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Accurate Diagnosis and Efficient Workflow in AF Therapy

How a fast map-ablate-remap strategy influences therapy and procedures?

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How a fast map-ablate-remap strategy influences therapy and procedures?

Catheter ablation of atrial fibrillation (AF) has shown steady growth over the past two decades. According to the European Society of Cardiology ESC, between 2007 and 2016 the number of AF ablations per million inhabitants increased on average by 339% in the European member states of the ESC.1

The prevalence of AF in the US ranges from 2.7 to 6.1 million, with 5.6 to 12 million additional cases projected by 2050.2 According to extrapolations from a 2004–2006 dataset, Medicare spending for new AF diagnoses has reached $15.7 billion per year. The costs are primarily being driven by AF complications such as stroke, heart failure, tachycardia and myocardial infarction.3,4

Additionally, costs for devices and disposable products are also on the rise.5 This is why decreasing the time spent per procedure without compromising the efficacy and safety might be a good starting point to improve outcomes while reducing healthcare costs.

Advantages of fast map-ablate-remap strategies

Documentation from 30 years ago supports that ablation was more cost-effective than a long-term medical treatment, like propafenone, beta-blockers and/or amiodarone, in most cases.6 Since the early days of electrocardiography, new forms of ventricular tachycardias as well as new observations on a variety of supraventricular arrhythmias, atrioventricular conduction disturbances and paced rhythms have been described.7 Remapping allows the physician to confirm the impact of a lesion in the acute procedure. In complex atrial arrhythmias, remapping and ablating more than one trigger leads to a better outcome, which means that a fast strategy for remapping is needed.

Impact of fast-map-ablate-remap strategies

A fast and efficient strategy to map, ablate and then remap allows electrophysiologists to evaluate and identify more substrate and similarly assess the efficacy of their work by looking for gaps or blocks. Using contact-mapping, a map-ablate-remap approach is very time consuming. With current contact mapping technologies, one map takes about 15–20 minutes to really get an idea of the arrhythmia. Therefore, the overall process can take up to 4–5 hours depending on the complexity of the case. In extreme cases, the mapping might even be stopped before every substrate has been discovered, simply because it is taking up too much time and subjects patient and physician to prolonged anesthesia or radiation (if fluoroscopy is being used).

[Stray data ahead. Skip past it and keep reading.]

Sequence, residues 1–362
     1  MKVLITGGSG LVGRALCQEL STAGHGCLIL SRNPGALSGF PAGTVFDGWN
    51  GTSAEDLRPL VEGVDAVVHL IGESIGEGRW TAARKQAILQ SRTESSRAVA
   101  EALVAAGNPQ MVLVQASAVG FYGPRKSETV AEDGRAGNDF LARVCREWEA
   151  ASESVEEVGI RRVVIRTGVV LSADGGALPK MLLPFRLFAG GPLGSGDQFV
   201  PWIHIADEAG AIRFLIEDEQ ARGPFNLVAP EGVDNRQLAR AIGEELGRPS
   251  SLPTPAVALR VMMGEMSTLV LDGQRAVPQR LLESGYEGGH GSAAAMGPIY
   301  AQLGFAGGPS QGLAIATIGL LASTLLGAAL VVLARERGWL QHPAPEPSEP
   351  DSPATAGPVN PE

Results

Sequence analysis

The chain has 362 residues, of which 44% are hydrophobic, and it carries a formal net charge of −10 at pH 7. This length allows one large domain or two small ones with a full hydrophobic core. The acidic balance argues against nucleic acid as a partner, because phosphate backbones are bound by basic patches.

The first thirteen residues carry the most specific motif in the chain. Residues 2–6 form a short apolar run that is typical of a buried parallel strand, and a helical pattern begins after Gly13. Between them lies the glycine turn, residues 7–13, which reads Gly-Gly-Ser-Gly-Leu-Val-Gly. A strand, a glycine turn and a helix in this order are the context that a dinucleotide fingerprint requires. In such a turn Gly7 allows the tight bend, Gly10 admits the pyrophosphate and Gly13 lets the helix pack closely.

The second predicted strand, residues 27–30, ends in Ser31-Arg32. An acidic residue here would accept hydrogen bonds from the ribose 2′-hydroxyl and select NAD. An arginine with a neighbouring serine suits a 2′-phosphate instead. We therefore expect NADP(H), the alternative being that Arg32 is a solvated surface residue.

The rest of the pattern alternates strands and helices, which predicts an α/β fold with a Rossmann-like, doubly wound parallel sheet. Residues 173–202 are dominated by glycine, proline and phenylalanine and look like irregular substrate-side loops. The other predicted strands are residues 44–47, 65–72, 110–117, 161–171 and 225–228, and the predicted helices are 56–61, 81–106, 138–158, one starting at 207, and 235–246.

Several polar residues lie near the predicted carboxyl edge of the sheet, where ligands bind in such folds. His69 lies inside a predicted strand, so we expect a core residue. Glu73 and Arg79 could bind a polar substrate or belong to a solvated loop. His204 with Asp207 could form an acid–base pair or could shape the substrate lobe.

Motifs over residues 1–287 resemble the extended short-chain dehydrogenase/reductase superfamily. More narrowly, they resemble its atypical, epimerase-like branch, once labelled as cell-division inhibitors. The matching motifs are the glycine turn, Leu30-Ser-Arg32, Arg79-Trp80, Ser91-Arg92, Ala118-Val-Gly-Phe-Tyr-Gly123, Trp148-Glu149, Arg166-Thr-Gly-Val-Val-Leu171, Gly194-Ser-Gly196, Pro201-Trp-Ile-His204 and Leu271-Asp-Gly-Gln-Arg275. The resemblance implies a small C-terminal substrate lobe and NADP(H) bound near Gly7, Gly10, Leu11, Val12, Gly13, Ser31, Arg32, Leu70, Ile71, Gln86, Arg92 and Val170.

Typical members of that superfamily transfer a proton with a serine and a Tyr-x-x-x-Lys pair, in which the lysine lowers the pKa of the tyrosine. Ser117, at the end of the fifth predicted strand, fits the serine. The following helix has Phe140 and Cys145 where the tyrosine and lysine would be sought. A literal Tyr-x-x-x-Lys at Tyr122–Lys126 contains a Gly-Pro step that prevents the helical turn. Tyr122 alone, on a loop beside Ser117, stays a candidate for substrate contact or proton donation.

Additionally, reducing the time it takes to map, ablate and remap can significantly reduce costs for the provider and enable the treatment of more patients that need ablation. This is why a fast and efficient system such as the AcQMap system is particularly useful in complex cases; instead of 15–20 minutes, it allows electrophysiologists to remap areas within only 1–3 minutes, thereby reducing the overall time needed per patient significantly. The use of this new innovative technology can further cut costs by simplifying this procedure. Predictable procedure durations also help to expedite procedural wait times and prevent long lab turnaround and lab under-utilization, which in turn, also saves costs.

Mean procedure times of about one hour possible

With new technologies based on non-contact charge-density mapping, formerly very time-consuming procedures can be performed much faster. For example, post AF ablations of atrial tachycardia can now be performed with a mean procedure time of 56.4 ± 12.1 minutes with the AcQMap® system.8 The Real-World All-Comers DISCOVER Registry showed an average total time to diagnosis and first ablation of 8 minutes using the SuperMapTM mode of the system, which allows full-chamber, multi-rhythm mapping of stable rhythms. A study from Belgium highlighted that mapping with the AcQMap system significantly reduced total complex procedure times by 75% to 86% compared to prior studies.8